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Re: Safou edible raw? Dacryodes edulis
« Reply #14 on: January 19, 2023, 09:14:24 AM »
No cassowary, Iíve seen what happens to them when they sit out for days and they become wrinkled and dry Iím presuming. They are very firm before the hot water is cooked which leads me to belief they ripen differently than safou. Safou no doubt can ripen naturally, no water necessary. Iím ok with soaking them in a bit of hot water to speed up the ripening process. Seems this is how Malaysians traditionally prepare dabai

cassowary

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Re: Safou edible raw? Dacryodes edulis
« Reply #15 on: January 19, 2023, 09:48:39 PM »
Ohh great will try that when we get some fruit, hopefully not a decade!

Maybe it's liked so much that there is none left to freezee :p

I agree they are and shoot to the clouds fast with no branches bellow 3m atleast.
One man I know have been trying to keep them short on a tatura trellis but it never worked well because they just shoot up again with one single shoot when he pruned them. When ours have had tip damage they only shoot up one new straight shoot.
And the big free standing female he had long ago died the second time he cut it to collect the fruit.

I just hope there's no Doves that will eat the fruit or that the bats get into them. Because I can't see how to keep this one shorter then like 8m. Maybe tip pruning at a mature state will stop it from becoming a giant atleast.
It seams it has to reach a certain height to create laterals.

Anyone with dabai pruning experience??

Even with lot's of space it seams that low branches don't develop.
http://bombasticborneo.com/2012/01/dabai-fruit/

I wounder if Safou will be easier to keep short?

ben,
The native Canarium vitiense is ok sundried raw. Did you ever tried the sundried dabai?
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Finca La Isla

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Re: Safou edible raw? Dacryodes edulis
« Reply #16 on: January 20, 2023, 01:21:18 AM »
Safou is not difficult to shape. It responds to pruning nicely. Bunches of fruit can be picked from the ground or by climbing in the tree and using a cutter on a pole.

We have had limited success trying to shape dabai. At about 6m I have gotten it to branch a bit but it still wants to shoot straight up. I also know of a dabai that was cut low for harvest and it died!!?!
I understand that climbing a tall ladder and reaching up with a hook to grab and break a branch is a common way to harvest tall dabai.

This is a photo of dehydrated dabai.
Peter

ben mango

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Re: Safou edible raw? Dacryodes edulis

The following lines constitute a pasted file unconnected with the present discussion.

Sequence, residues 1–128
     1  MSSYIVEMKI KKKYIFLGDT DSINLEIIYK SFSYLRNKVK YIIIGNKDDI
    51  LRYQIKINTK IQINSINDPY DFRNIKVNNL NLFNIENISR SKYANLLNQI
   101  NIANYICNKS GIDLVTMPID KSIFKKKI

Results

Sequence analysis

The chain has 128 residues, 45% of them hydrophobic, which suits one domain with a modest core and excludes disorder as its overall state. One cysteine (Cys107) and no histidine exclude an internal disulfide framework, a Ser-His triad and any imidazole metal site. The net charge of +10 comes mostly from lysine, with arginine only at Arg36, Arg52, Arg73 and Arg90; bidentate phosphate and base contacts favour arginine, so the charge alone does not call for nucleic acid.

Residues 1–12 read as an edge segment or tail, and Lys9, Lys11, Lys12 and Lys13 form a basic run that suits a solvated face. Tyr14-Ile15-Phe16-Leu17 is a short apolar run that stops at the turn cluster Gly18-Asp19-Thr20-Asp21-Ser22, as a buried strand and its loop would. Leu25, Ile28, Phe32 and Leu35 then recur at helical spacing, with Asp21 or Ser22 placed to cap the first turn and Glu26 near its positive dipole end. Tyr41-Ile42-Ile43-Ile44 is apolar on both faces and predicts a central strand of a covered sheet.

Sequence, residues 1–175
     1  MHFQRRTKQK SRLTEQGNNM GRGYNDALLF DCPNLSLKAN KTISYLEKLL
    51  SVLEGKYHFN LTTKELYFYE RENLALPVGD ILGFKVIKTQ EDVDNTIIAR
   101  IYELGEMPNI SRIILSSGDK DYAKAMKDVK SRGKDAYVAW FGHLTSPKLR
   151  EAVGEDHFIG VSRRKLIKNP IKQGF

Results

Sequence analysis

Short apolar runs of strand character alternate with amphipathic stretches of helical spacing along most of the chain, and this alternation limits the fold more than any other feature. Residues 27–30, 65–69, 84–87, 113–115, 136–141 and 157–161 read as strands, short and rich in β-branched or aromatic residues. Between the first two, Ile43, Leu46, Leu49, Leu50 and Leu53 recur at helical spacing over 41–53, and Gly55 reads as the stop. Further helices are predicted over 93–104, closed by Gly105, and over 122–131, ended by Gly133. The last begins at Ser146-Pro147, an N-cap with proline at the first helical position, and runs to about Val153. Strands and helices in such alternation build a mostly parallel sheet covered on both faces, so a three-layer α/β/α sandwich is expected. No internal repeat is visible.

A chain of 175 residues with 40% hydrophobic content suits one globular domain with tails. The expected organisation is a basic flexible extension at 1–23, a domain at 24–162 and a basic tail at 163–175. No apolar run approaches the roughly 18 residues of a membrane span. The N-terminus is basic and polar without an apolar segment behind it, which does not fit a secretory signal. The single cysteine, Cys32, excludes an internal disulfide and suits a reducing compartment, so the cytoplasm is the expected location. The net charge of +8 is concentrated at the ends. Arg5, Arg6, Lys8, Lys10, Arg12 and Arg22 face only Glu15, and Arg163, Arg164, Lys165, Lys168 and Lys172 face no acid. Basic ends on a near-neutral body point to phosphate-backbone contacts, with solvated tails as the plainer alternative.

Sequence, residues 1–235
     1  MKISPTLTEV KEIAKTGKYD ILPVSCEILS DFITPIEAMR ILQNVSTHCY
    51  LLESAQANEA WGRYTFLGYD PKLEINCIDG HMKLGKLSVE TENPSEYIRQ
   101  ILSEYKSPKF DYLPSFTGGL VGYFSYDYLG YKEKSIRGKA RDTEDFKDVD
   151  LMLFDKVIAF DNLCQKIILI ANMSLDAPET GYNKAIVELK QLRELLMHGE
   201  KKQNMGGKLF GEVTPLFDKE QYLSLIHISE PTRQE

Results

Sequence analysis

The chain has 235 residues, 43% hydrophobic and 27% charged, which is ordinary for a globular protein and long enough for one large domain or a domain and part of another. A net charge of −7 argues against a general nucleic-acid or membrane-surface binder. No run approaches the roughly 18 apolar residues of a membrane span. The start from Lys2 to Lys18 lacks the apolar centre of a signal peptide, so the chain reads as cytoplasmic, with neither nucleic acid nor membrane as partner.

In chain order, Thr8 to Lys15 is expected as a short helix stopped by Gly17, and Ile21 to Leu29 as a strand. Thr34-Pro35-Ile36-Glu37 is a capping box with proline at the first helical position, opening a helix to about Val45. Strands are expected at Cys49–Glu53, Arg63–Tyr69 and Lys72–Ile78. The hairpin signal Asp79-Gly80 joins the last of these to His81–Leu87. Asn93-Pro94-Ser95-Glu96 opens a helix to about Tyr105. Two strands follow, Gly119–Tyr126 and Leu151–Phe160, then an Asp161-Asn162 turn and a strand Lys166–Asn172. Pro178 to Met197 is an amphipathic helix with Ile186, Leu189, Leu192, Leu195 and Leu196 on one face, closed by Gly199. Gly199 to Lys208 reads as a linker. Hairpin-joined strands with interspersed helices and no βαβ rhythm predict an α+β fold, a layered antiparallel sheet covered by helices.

« Reply #17 on: January 20, 2023, 09:57:08 AM »
I have not , cassowary but would be interested to try it. Maybe next time I visit Borneo

cassowary

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Re: Safou edible raw? Dacryodes edulis
« Reply #18 on: January 20, 2023, 06:57:42 PM »
Thanks for sharing about Safou.

Wow dehydrated Dabai!

I tried the African palm oil fruit for the first time yesterday. It's really good, very flavorful and oily ofcourse.
I never thought it would be this good and I probably had some biased hate towards it for the destruction of forest in SEA. But it not it's fault ofcourse, it's the big oil companies fault. The African oil palm is definitely worth adding to a food forest system.
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Galatians522

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Re: Safou edible raw? Dacryodes edulis
« Reply #19 on: January 20, 2023, 10:06:20 PM »
Thanks for sharing about Safou.

Wow dehydrated Dabai!

I tried the African palm oil fruit for the first time yesterday. It's really good, very flavorful and oily ofcourse.
I never thought it would be this good and I probably had some biased hate towards it for the destruction of forest in SEA. But it not it's fault ofcourse, it's the big oil companies fault. The African oil palm is definitely worth adding to a food forest system.

I agree 100%! I don't think there is any other plant that can produce enough oil to meet the needs of the average family for a year from just one tree. If it were just a bit more hardy, I would be trying to grow it. And, as you say its people who are to blame for the destruction, not the plant.

fruit nerd

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Re: Safou edible raw? Dacryodes edulis
« Reply #20 on: January 20, 2023, 10:29:15 PM »
Good to hear positive reports about Safou. I have one tree but I suspect it will be several more years before it fruits. Looking forward to trying it.

elouicious

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Re: Safou edible raw? Dacryodes edulis
« Reply #21 on: January 20, 2023, 11:45:23 PM »
Not likely to find them in Indonesia.

By cooking them you can have a lot of safou ready to eat at the same time.
Peter

Totally mistook them for Dabai!

Thanks Peter-

cassowary

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Re: Safou edible raw? Dacryodes edulis
« Reply #22 on: January 21, 2023, 06:33:48 PM »
Good to hear positive reports about Safou. I have one tree but I suspect it will be several more years before it fruits. Looking forward to trying it.

Does any neighbors have Safou tree's?
"Trees can be male, female, or hermaphrodite. Male trees may produce a limited number of female flowers, and thus some fruit"
https://tropical.theferns.info/viewtropical.php?id=Dacryodes+edulis

So you probably want to get some more Safou tree's to avoid possible disappointment later on.

Galatians,
Up in Julatten there is one nursery with about 20 of them along the border but I have never seen any fruit on but they grow very well up there at 500m. It can sometimes go below 5C there in winter if I don't remember it wrong. But I think it's more pollination that is an issue.
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Galatians522

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Re: Safou edible raw? Dacryodes edulis
« Reply #23 on: January 21, 2023, 10:56:38 PM »

Galatians,
Up in Julatten there is one nursery with about 20 of them along the border but I have never seen any fruit on but they grow very well up there at 500m. It can sometimes go below 5C there in winter if I don't remember it wrong. But I think it's more pollination that is an issue.

I get about -2c/-3c on a pretty regular basis.  :-\